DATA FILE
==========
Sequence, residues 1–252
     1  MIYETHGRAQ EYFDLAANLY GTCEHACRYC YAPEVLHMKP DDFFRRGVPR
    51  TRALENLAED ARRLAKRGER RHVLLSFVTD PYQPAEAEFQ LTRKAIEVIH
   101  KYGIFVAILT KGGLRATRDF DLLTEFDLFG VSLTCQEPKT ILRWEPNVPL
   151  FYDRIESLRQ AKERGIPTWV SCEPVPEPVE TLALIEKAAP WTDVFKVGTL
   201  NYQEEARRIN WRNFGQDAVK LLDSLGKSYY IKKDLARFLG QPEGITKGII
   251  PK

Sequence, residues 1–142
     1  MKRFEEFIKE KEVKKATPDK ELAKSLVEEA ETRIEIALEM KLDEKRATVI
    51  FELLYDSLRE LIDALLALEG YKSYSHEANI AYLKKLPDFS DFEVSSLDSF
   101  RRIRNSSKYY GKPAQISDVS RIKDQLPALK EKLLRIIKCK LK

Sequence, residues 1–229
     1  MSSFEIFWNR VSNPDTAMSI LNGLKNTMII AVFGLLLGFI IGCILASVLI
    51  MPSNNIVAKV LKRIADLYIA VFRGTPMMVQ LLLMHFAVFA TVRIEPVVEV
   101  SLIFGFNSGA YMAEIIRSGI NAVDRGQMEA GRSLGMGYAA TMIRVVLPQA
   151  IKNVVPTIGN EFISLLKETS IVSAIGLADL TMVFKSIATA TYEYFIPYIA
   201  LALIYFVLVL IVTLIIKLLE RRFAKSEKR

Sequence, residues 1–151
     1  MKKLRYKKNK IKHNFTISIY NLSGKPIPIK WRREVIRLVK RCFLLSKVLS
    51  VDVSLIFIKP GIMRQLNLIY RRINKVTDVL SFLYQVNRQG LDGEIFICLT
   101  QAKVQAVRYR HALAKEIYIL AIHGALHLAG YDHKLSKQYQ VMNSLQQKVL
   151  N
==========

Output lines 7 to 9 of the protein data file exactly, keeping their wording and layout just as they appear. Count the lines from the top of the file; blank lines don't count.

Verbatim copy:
   251  PK

Sequence, residues 1–142
     1  MKRFEEFIKE KEVKKATPDK ELAKSLVEEA ETRIEIALEM KLDEKRATVI